Paul Thek: Diver, A Retrospective

Solo en Inglès

Exhibition co-curators Elisabeth Sussman and Lynn Zelevansky discuss a selection of works by the legendary American artist, Paul Thek. The audio guide includes commentary by artist Neil Jenney and literary scholar Ed Burns, who also reads excerpts from the artist’s extensive writings.

Paul Thek (1933−1988), Untitled (Butterflies), 1988. Synthetic polymer and gesso on newspaper, 21 x 27 in. (53.3 x 68.6 cm). Philadelphia Museum of Art; purchased with funds contributed by the Daniel W. Dietrich Foundation, 1992 © The Estate of George Paul Thek; courtesy of Alexander and Bonin, New York

NARRATOR: Among Thek’s last paintings were these delicate images of butterflies. Like so much of his work, time and decay are built into the painting itself. The fragile newspaper ground has already yellowed with age. Thek’s close friends surrounded him in the hospital at his death, but very few in the art world came to see his last exhibition. Court documents related to Thek’s estate described him as a “relatively unknown artist.”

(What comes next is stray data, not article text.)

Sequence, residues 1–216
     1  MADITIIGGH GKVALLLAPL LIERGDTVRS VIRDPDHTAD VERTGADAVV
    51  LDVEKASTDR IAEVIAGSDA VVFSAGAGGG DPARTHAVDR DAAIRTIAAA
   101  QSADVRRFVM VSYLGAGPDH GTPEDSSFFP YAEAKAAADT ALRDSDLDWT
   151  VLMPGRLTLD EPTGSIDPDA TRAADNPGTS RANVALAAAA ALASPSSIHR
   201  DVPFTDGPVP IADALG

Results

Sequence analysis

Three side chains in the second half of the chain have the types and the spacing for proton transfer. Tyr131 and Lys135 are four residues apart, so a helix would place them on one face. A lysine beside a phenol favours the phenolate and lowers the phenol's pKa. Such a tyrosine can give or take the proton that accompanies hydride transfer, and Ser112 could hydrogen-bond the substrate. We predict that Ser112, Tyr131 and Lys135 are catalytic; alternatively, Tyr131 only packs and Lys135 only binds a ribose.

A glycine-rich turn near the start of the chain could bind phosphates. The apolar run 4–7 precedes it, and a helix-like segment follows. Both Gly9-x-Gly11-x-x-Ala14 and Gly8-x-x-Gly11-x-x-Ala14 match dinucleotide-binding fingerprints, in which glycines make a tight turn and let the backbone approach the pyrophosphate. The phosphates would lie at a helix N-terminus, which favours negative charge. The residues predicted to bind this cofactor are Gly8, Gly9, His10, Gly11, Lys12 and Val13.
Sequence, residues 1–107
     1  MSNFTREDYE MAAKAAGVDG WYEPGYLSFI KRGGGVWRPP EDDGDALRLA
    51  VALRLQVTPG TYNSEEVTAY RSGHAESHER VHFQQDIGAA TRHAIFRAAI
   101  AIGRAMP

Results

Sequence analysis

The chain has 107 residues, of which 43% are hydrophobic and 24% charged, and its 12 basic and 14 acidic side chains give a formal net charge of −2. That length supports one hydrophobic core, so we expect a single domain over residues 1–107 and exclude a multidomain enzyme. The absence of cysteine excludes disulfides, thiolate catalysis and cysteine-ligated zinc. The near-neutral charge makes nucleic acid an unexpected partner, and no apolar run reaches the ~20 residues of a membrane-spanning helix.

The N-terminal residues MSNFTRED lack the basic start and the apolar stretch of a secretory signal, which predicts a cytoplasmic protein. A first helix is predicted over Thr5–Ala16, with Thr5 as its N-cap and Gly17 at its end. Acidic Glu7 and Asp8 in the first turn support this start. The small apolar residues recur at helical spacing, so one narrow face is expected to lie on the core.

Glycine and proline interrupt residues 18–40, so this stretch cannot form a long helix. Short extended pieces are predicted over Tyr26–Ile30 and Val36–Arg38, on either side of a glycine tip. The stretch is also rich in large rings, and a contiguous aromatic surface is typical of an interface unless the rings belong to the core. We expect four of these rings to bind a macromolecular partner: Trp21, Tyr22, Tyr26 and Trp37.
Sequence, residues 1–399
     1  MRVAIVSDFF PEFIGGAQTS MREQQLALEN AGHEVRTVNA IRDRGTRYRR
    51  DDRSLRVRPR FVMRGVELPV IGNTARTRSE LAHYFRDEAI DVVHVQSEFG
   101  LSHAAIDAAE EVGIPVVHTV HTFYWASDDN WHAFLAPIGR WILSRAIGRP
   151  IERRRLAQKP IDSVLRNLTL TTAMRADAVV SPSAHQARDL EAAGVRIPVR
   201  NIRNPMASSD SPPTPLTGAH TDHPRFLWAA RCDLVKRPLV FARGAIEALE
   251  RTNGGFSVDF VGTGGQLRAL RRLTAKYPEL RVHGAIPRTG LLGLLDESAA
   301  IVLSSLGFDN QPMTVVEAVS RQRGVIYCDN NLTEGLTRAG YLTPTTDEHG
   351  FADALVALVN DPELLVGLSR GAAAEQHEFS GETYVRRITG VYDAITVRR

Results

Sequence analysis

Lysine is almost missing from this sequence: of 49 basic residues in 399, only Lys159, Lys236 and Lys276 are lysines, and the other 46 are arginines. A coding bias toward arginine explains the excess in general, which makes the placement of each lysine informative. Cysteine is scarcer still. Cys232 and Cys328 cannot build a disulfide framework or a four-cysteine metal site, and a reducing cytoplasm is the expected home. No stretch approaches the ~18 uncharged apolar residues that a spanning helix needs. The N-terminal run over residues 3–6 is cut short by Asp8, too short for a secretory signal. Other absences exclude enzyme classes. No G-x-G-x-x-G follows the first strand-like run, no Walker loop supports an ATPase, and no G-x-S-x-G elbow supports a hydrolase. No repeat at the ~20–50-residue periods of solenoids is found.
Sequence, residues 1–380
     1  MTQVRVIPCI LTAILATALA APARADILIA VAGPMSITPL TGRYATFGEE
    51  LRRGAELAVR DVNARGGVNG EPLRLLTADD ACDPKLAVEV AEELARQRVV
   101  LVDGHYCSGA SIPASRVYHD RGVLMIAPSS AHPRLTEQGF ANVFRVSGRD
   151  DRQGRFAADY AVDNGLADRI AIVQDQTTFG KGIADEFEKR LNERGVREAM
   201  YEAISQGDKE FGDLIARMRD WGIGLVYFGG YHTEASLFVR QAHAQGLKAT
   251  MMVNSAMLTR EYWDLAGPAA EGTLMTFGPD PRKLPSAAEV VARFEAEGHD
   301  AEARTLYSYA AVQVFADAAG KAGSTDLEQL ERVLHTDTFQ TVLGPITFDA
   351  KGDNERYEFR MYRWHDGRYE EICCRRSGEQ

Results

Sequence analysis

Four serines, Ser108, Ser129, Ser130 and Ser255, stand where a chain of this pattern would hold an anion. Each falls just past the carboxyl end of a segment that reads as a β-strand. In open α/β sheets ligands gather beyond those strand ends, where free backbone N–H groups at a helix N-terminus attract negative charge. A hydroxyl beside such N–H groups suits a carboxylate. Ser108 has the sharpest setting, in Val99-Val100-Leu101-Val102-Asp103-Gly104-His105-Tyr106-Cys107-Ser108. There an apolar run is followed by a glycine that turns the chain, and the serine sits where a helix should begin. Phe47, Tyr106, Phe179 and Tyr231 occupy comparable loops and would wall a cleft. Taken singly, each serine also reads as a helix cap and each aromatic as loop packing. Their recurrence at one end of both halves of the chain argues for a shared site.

And yet, we can see the legacy of Thek’s work in the art of the next three decades. In part, this is because he explored the ways materials can have meaning. And in part, it’s because his art was not just in the galleries. It was also the way he lived his life and the person he washis choices, his affect, and the effect he had on the people and world around him. These practicesand the blurred boundaries between his art and his liferesonate deeply in contemporary art.

It is our hope that this exhibition will further restore Paul Thek’s place in the story of American art.

Thank you for joining us on this tour of Paul Thek: Diver.
We wish to thank Ed Burns, Neil Jenney, and Ann Wilson.

This has been an Antenna Audio production.